Facing Aluminum on the S03

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heathenx
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Facing Aluminum on the S03

Post by heathenx » Tue Sep 01, 2015 4:40 pm

So...I have been playing around with facing aluminum on my S03. First I tried my micro flycutter from Micro-Mark. I don't really have a proper way to grind the cutter prior to use so I did my best. With wood, it cuts great. Leaves a level surface with no burrs. Feels like I sanded the top. However, when I tried this on aluminum I got heavy swirl marks and it was quite rough. I think I need a rounded tip on the cutter and I ground it to a point.

Next up I tried just a 1/4" flat end mill. Ran my settings at about 20k rpm, 10in/min feed, .20" stepover with a .008" stepdown. I ended up with ridges or burrs on the surface that I could feel with my fingernail. I also cut both ways, Y and -Y.

Next up I tried a rounded 1/4" flat end mill with a .06" radius. I ran it at 20k rpm, 10in/min feed, .008" step down, .12" stepover and this time tried conventional milling instead of back and forth cutting. All the cutting started from the left side and rpid fed back to the left after a pass. I got quite satisfactory results. Finish was very smooth with no rough pass burs. I could still feel slight humps when I walked my finger nail across the surface but it was very very minor. I almost don't feel it at all. This appears to be my best cut and it's what I will use going forward until I can come up with something better.

Questions for the aluminum people out there: Any tips and tricks for facing? What cutter are you using? Speeds and feeds?
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TomDChi
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Re: Facing Aluminum on the S03

Post by TomDChi » Tue Sep 01, 2015 5:38 pm

Is that this endmill:

https://www.engman-taylor.com/Engman-Ta ... 3/P1070820

What is the thinking on radiused vs. straight mills for facing in this type of setup? (I could imagine arguments either way.)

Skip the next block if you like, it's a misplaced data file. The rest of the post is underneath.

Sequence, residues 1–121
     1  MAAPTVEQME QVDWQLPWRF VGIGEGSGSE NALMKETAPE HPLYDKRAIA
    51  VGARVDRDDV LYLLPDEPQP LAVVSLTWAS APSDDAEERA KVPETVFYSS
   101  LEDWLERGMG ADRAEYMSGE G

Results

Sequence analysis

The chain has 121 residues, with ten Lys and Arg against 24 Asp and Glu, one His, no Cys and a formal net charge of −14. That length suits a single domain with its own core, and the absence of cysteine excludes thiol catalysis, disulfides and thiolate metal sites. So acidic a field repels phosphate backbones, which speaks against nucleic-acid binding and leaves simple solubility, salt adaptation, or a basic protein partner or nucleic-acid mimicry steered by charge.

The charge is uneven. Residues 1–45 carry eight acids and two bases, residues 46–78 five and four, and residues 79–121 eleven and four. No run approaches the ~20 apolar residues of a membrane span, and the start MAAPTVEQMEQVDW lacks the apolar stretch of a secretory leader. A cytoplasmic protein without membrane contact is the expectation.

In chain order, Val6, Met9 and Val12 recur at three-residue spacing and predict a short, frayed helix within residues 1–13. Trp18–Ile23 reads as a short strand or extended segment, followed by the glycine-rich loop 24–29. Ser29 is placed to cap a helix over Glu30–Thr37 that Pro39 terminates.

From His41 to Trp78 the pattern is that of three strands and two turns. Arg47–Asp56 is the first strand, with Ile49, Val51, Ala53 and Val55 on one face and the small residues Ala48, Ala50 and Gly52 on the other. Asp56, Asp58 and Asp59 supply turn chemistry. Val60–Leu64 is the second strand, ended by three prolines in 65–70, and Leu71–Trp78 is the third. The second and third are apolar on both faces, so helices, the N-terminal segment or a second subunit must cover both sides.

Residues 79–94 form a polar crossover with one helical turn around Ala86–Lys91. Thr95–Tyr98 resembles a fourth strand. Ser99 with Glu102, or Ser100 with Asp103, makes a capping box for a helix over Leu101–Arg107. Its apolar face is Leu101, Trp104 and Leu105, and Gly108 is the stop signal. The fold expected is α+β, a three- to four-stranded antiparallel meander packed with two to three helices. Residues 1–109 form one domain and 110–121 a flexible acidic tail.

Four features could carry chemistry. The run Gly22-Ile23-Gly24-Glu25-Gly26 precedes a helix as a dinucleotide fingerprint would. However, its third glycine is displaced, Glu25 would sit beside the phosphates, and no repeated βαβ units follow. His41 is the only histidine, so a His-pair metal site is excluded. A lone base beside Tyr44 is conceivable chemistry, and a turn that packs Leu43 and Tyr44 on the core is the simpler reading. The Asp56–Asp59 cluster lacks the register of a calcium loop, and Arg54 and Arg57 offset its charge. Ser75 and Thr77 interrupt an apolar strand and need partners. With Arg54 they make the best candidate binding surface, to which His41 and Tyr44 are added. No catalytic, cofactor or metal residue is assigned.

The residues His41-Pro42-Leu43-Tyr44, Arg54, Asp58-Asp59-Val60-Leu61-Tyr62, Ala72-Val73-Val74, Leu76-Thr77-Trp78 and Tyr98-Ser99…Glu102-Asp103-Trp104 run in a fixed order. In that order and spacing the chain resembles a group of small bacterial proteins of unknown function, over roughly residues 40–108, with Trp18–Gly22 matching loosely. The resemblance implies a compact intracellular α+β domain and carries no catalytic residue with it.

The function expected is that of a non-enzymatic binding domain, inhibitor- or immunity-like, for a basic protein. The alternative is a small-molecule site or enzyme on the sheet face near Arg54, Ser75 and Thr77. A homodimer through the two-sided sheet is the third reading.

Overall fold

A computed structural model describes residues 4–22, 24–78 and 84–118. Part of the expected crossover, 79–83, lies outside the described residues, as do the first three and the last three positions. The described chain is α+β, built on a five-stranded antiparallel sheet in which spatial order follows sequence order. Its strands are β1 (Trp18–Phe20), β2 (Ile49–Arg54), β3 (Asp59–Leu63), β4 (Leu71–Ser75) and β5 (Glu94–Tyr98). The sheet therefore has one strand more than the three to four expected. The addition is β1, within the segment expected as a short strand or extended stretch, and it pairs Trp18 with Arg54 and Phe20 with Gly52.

Is it realistic that this small vise mounted on MDF may be flexing on each pass, resulting in the minor surface imperfections you're seeing? I wonder if sandwiching a larger steel or aluminum plate between the vise and the wasteboard would spread out the force/give a longer lever arm and thereby reduce any flex?

I have a bigger vise and a ZrN coated, straight endmill. I'll add facing and trying your options to my "to do" list.

chamnit
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Re: Facing Aluminum on the S03

Post by chamnit » Tue Sep 01, 2015 5:56 pm

It's probably a combination of the MDF base, the cutter tool path, tool deflection/rubbing, and the stiffness of the SO3 (belts, wheels, etc). Any small vibrations in the machine will translate to noticeable surface finish flaws. A good tool path will also help with lessening vibrations because the tool is cutting the material efficiently, rather than rubbing against it. You may actually need to go at a faster feed rate, since your RPMs are so high. I typically use FSWizard to calculate speeds and feeds, but be careful. It assumes you have a very-stiff production mill. I'd always look at the cutter force output and make sure it's below something like 2-3lbs for a SO3 and you have at least 0.001" per tooth chip load. And start out very conservative.

That said, it's pretty hard to get a perfect surface finish when milling metals. A fingernail can feel imperfections down to 0.0001" or a few microns.

If you are wanting to a facing operation in a traditional sense, the best way to do it is with a fly cutter. It usually gives the nicest surface finish in the least amount of time, since you are machining a wide path.

heathenx
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Re: Facing Aluminum on the S03

Post by heathenx » Tue Sep 01, 2015 6:20 pm

TomDChi wrote:Is that this endmill: